From time to time, crazy notions cross my mind and while I acknowledge those thoughts are often not fully developed, I can’t dismiss them altogether. For want of better articulation, in this case it is about “stuff” that people care to donate that homeless people might be appreciative of (or not) and how that can be sensibly given out to where the needs are. By “stuff”, I can only refer to items mentioned in the past week on social media and other means of communication – sleeping bags, blankets, left over food, socks, size x boots, tampons, toiletries, often symbolic of people’s generosity – the list is nigh endless! The reality is not all stuff can be used for all sorts of reason and a lot of useful stuff ends up being thrown away.
What has become evident is that we are in a paradigm once again where there is stuff people can no longer use and they want to do something useful with it. The obvious answer, and one many find for themselves, is to give it to charity. The springing up of charity shops all over the place is evidence of this, although the focus as far as most charities are concerned is it is an effective means to generate much needed revenue. But the principle can be and is being extended, for example regarding food banks and for the more ingenious a means to bring needed goods to the homes of those without the means to pay. Maybe the logical extension is that people can get stuff and be able to repay in kind! Since getting involved in homeless issues in recent years, I have been increasingly mindful of those who want to help in this way and yet at the same time seen some of pitfalls, like rows among distributors, nervous breakdowns of those wanting to help, wastage among those this is meant to benefit, corruption by those wanting to make a fast buck by selling on and pocketing the proceeds from what people have so generously donated, all sorts of flaws in the distribution of stuff, and there is always red tape to contend with, notably regarding food.
My impression is that while there are many outlets covering various aspects of the need to match donated stuff with those who will derive greatest benefit, and without wanting to be more controversial than I am already, I find the present situation confused and ad hoc. I may be right and I may be wrong, and based on my incomplete knowledge, which even so is more complete than most, I refer homeless folk to one of the many outlets in the town, typically referred to in the Rough Sleeper Leaflet I have a hand in maintaining. When it comes to more specific items (but not sleeping bags), I refer them to HARP or the Storehouse, mindful that, notwithstanding, a number will not engage with either organization.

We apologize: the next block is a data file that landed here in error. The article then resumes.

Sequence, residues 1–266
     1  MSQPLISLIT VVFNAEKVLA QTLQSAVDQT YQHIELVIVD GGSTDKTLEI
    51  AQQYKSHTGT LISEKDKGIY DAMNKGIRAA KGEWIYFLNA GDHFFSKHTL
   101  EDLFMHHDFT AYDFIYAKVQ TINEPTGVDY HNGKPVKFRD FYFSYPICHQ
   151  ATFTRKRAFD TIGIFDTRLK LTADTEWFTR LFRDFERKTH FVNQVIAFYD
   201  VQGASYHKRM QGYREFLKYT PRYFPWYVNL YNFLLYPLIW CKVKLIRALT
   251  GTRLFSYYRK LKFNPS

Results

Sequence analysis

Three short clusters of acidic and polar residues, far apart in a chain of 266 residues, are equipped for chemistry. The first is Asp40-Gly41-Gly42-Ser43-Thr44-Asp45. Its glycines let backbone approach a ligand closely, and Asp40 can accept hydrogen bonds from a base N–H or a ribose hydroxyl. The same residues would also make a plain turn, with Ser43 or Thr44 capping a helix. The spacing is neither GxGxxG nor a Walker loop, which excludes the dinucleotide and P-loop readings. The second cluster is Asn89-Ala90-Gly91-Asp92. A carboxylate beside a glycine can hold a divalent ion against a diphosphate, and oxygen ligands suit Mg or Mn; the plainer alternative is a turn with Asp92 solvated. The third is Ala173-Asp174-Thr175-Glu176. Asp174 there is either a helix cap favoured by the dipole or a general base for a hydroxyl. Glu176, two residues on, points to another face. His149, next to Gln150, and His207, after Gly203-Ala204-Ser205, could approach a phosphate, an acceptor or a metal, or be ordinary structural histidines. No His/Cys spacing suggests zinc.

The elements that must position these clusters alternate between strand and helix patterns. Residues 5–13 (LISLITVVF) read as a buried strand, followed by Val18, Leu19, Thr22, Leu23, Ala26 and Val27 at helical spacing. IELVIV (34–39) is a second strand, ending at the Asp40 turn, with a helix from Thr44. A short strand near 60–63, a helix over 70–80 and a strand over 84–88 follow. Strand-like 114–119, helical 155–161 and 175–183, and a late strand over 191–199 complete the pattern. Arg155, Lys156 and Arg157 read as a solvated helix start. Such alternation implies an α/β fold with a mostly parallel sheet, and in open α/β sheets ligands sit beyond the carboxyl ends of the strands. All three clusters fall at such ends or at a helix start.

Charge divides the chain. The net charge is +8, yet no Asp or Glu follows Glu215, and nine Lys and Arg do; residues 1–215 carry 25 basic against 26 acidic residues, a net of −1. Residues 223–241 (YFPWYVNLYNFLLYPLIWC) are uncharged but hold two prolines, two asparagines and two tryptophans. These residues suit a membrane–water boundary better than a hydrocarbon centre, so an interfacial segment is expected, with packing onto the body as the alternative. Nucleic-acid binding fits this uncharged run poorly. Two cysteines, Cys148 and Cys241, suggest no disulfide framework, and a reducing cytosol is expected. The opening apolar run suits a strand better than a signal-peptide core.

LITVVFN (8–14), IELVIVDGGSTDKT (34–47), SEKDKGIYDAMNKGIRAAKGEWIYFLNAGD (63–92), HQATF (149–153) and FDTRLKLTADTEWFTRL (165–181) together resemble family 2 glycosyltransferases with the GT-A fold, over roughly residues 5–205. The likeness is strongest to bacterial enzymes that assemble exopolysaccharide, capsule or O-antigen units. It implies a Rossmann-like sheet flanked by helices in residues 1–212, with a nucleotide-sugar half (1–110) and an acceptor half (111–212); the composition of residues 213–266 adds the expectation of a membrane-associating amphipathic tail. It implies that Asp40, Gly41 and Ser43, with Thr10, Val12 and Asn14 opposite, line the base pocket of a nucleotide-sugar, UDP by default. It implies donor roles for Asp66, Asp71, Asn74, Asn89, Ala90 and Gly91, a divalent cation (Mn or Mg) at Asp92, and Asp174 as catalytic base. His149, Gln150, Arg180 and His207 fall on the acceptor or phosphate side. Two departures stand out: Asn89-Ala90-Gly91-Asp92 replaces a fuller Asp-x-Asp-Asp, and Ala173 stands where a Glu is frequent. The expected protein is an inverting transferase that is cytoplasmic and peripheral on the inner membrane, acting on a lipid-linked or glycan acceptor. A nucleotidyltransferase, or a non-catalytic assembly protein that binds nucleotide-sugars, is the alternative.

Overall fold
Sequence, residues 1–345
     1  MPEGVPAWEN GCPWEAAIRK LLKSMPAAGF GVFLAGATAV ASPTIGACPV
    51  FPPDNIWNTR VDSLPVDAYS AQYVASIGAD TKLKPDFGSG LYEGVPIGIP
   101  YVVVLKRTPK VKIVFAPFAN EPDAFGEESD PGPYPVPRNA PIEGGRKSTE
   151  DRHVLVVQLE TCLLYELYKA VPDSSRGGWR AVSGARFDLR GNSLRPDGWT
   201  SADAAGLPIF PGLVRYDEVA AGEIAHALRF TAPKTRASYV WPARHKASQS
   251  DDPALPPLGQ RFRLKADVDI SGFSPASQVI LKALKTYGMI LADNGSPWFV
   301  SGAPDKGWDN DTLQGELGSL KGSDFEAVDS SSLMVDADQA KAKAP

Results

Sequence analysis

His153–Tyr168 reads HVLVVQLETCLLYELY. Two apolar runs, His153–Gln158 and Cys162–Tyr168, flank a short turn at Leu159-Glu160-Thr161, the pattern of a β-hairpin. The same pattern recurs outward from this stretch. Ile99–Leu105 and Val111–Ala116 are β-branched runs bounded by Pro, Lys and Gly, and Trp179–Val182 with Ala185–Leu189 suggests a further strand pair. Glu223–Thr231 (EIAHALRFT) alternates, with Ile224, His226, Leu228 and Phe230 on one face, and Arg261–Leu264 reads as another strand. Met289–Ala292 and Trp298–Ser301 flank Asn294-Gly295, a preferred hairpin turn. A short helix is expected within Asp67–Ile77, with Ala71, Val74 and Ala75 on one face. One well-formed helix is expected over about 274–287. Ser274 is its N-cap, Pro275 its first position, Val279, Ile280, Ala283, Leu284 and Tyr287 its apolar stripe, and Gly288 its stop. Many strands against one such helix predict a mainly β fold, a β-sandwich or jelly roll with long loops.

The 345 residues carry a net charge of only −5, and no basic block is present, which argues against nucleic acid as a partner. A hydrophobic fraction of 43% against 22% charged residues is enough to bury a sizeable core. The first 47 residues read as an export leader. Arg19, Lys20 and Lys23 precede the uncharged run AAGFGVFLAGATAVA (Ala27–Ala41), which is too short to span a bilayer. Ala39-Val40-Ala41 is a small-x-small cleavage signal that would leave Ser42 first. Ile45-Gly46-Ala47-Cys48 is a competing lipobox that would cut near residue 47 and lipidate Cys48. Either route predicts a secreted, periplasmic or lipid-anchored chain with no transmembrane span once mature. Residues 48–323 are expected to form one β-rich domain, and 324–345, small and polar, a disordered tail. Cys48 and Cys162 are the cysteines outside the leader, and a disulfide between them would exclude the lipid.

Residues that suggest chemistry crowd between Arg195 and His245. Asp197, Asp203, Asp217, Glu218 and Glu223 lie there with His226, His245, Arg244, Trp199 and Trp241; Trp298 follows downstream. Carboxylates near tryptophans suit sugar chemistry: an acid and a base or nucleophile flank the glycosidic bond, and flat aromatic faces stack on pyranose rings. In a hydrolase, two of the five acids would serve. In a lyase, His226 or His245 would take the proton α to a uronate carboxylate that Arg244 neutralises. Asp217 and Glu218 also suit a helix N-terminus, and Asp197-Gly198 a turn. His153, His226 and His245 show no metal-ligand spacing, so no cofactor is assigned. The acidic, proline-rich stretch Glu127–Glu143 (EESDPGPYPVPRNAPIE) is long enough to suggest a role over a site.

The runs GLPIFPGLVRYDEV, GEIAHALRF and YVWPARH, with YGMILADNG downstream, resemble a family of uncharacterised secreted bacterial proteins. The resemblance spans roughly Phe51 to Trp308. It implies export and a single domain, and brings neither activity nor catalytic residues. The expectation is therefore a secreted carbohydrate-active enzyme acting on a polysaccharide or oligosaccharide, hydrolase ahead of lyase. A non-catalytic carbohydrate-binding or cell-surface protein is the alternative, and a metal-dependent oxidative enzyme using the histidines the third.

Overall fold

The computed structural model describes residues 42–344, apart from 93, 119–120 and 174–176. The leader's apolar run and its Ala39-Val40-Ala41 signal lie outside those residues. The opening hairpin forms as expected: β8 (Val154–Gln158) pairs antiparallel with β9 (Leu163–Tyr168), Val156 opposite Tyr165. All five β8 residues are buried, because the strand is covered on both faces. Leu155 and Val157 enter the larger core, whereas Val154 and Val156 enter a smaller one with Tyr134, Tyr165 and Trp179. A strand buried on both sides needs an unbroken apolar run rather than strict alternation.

Regarding the several pies I have a finger in, I feel while we are meeting a need and doing some good, we have not cracked it in the way I would like and maybe we never will. One of the challenges for the night shelter I happen to manage is how to manage the logistics of handling stuff our homeless guests might be able to use, the willingness of people to donate, the storage issue and the challenges around wise distribution. Similarly, with another pie, we are finding in Street Spirit there is the potential to mount a major operation around passing on stuff but are mindful of our limitations. As recently as last Saturday we had a number of grateful customers, but there is the question of what we do and how we do it? As an amusing, trivial yet relevant, example, I was grateful when some kind soul passed onto me a number of sleeping bags we always need, which unbeknown to me weren’t washed. As the unknown pong from the back of my car intensified during the week, causing family friction until we realized what was happening, it made me think there is another side to good intentions, and this needs managing.
I am pretty sure that what I am saying is what others have been thinking but haven’t felt brave enough to say. Yet there is a constant need for stuff of all sorts, for operations that are often run on a shoe string, relying on the good will of volunteers to bring in a result. I hope perhaps this might at least get people thinking about the potential of passing on stuff to where it is most needed and the best way to go about it. But also, isn’t it heartwarming that so many do want to go out of their way to give to where the needs really are?